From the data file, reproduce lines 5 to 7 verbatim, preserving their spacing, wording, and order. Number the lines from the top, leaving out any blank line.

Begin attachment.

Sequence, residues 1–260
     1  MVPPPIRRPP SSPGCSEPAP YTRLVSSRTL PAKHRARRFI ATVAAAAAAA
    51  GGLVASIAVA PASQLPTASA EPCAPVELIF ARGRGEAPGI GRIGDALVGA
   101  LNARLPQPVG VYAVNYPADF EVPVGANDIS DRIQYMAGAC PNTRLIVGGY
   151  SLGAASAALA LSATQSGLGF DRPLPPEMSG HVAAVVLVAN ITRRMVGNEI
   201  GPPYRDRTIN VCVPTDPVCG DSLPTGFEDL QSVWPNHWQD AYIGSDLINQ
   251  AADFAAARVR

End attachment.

   151  SLGAASAALA LSATQSGLGF DRPLPPEMSG HVAAVVLVAN ITRRMVGNEI
   201  GPPYRDRTIN VCVPTDPVCG DSLPTGFEDL QSVWPNHWQD AYIGSDLINQ
   251  AADFAAARVR